Swansea Grocers' Association. Swansea Grocers' Association met on Tuesday, Mr. Wm. Lewis, junr., presiding. The Chairman was ejected a delegate for the South Wales Council. The Secretary was instructed to write the local members of Parliament urgine them to press forward the Sale of Butter Bill. A well-known tea company are to be in- vited to say why they charge 2id. per lb. in- crease on some of their teas whereas the duty is only 2d. extra. The forthcoming South Wales Exhibition at Swansea was mentioned, and co-operation of members was invited, especially in the matter of allowing their assistants to com- pete. The President said the exhibition was going to be a great success. The secretary reported that gold, silver, and bronze medals had been selected and were to be supplied through a local firm. The gold medal would bear the Swansea, arms enamelled in colours, and would, he was sure, make anyone who possessed' it proud of it.
Tried to Bribe the Police. At Old Bailey, on Wednesday, Dr. Ed- ward Lehness surrendered to his bail and pleaded guilty to corruptly offering a bribe to Police-constable Yelien, with intent to pervert the course of justice. Prosecuting corset said defendant was a director of the Motor Car Emporium, Addi- son-road. The police received information that a car was being used numbered U. 422. The letter U. belonged, under the -Njptor Car Acts, to Leeds, and it was found no such number had been licensed. A car bearing the number was followed to Holland Park- avenue. where Dr. Lehness was seen. He denied that the car was his but offered to show the license to the constaole. In Addi- son-road the doctor said he had not the key and offered the officer a sovereign to say no more about the matter. The car, said counsel belonged to a man named Clark Wh9 had since been fined. Defendant was fined J660 'k--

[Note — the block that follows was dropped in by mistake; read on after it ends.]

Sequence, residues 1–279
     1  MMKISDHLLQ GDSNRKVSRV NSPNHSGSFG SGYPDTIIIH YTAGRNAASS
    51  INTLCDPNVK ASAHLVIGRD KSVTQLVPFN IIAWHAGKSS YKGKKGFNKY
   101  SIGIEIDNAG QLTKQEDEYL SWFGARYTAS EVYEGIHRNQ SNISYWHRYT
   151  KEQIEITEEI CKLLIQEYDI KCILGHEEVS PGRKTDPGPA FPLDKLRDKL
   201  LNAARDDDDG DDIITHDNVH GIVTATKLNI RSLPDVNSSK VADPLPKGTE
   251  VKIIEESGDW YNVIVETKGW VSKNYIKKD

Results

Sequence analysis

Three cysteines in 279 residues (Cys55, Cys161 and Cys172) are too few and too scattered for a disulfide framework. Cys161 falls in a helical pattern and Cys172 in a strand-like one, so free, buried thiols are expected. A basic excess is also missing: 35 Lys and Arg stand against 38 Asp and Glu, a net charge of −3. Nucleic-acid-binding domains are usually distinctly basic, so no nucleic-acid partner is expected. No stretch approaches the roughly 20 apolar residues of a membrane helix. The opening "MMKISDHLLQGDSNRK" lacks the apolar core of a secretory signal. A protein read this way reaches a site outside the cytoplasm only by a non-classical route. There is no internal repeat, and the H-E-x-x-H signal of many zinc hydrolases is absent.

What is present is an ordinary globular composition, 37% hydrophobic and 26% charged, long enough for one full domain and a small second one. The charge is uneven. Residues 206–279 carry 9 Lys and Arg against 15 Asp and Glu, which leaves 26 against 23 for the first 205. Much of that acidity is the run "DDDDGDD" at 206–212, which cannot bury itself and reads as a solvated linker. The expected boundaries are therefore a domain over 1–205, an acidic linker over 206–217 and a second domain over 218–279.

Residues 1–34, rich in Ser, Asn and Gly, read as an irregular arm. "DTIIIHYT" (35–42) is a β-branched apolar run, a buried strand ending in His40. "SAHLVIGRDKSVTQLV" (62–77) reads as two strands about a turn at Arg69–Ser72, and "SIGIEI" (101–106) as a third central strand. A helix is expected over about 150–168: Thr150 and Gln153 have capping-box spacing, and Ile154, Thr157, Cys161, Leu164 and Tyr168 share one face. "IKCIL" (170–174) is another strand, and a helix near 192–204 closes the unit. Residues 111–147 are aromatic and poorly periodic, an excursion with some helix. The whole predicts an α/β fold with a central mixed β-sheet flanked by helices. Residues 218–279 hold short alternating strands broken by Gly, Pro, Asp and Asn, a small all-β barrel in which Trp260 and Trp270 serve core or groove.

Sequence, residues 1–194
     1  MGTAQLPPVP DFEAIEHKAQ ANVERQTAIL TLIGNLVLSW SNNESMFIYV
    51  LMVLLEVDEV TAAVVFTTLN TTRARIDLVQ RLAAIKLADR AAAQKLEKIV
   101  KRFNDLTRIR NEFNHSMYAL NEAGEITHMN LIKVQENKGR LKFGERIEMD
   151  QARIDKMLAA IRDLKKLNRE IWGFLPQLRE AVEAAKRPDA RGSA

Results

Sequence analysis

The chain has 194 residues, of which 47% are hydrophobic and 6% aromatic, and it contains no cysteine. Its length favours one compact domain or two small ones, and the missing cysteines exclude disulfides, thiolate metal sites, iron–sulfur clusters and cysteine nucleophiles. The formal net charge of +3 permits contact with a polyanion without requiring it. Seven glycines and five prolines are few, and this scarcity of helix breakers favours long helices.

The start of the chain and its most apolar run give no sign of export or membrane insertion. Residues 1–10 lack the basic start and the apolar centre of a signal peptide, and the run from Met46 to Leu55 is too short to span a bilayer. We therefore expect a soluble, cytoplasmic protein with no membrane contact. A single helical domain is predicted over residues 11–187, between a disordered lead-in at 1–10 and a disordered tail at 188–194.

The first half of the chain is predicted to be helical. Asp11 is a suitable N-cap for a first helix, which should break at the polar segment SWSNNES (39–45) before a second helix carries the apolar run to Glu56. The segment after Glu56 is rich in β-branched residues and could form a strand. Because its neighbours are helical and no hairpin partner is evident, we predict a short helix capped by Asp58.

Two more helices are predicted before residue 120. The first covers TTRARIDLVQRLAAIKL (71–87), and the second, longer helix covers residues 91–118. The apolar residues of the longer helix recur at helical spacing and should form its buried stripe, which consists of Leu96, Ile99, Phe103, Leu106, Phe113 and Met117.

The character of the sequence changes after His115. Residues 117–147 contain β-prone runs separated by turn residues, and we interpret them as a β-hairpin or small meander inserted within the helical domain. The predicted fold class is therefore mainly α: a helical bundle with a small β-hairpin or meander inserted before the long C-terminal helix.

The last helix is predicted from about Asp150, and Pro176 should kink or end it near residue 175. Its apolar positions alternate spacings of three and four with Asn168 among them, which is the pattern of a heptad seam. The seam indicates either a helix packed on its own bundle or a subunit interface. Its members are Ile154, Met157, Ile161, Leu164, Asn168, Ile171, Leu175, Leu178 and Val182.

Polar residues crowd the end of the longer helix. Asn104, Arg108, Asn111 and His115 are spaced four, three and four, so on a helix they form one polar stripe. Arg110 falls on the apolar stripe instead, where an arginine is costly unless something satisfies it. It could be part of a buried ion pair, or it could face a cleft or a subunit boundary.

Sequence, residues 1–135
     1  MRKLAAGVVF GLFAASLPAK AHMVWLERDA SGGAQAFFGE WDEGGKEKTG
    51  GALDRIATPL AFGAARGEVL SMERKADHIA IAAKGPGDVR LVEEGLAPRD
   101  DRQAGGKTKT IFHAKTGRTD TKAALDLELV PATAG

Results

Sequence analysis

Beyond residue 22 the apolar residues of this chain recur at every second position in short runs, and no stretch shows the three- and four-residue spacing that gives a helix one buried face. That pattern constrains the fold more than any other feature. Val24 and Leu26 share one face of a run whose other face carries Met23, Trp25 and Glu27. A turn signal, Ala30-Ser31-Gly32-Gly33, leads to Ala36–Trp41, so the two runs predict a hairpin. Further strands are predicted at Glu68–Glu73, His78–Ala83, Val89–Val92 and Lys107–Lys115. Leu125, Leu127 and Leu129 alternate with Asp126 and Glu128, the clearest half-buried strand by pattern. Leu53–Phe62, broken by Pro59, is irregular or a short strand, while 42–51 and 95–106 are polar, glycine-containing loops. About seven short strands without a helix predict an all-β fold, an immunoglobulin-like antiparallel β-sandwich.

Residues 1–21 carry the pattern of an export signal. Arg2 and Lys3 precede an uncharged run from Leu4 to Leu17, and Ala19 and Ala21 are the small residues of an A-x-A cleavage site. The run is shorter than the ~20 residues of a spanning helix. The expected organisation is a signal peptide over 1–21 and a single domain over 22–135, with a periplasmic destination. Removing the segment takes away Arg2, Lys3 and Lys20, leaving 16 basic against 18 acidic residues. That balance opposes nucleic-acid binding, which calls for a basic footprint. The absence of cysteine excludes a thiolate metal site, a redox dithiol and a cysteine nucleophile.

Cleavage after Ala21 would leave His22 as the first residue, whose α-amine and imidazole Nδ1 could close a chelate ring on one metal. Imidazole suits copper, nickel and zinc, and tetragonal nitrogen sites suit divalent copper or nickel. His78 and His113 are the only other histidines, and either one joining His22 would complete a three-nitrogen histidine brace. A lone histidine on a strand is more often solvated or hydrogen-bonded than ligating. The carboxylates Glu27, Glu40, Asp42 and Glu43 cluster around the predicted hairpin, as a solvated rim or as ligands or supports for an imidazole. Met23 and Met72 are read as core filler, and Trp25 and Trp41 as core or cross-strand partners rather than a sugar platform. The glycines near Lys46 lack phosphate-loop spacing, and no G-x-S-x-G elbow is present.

Swansea Police Court THURSDAY. Before Messrs. J. R. Leaver, J. Rosser, S. Goldberg, and Dr. E. B. Evans. SINGING TO HERSELF. Elizabeth Thomas (45), described as a prostitute, made her 26th appearance on a charge of being drunk and disorderly in Castle-street. Prisoner said she had some friends come down from London, and she was merely singing to herself. She was sentenced to one month's imprisonment, and ordered to find a surety for her good beha- viour, or undergo a iurther month in gaol. NOTHING TO SAY. Charles Powell, Castle Craig, was sum- moned for making use of obscene language in Neath-road. Defendant, who had nothing to say, was fined 10s., cr 7 days. ABOUT A DOG. John Hughes, of Pentremawr, was sum- moned for keeping a dog without a license, and was fined 10s. HE ADMITTED THE PATS8NITY. William Jones, Pontycymmer. collier, was summoned by Hannah Griffin. at present in the Workhouse, to show cause, etc.—De- fendant, who admitted the paternity, was or- dered to pay 5s. 6d. a week until the chilct is 14 years. ANOTHER LITTLE STRANGER. Benjamin Norman, fisherman, Lowestoft, j was similarly summoned bv Bessie Dal- bridge—This case was adjourned for a fort- night. AN ECHO FROM ISRAEL. M. Rosenfield, 5. Nelson-terrace, traveller, was summoned by Isaac Cohen or sureties of the peace.As there was no abearance of the parties the case was struck out. INEBRIATED YOUNG HAWKER. Phenise Lee (18), hawker, Mvnyddbach- was fined 7s. 6d. or 5 days for being ;h-unk and disorderly in Carmarthen-road. ONE WAY OF BORROWING. Catherine Pugsley (49), married, Cae- bricks-road, was charged with stealing and receiving a turnover shawl, value 2s. 6J., the property of Catherine Lewis. Ac. used pledgea the shawl for Is., saying it was her own. P.C. (101) Evans, who arrested pri- soner, said the latter stated she would do a month for the shawl and when she came out she would let them know who it belonged to. Later, prisoner said she did not steal the shawl at all, but took the loan of it. The police said the accused had been five times before the Bench—twice for larceny. She was now criven 21 days. OBSCENE LANGUAGE. Catherine Driscoll, prostitute, 2, Barge- man's-row, was fined 10s. or 7 days for mak- ing use of obscene language in High-street.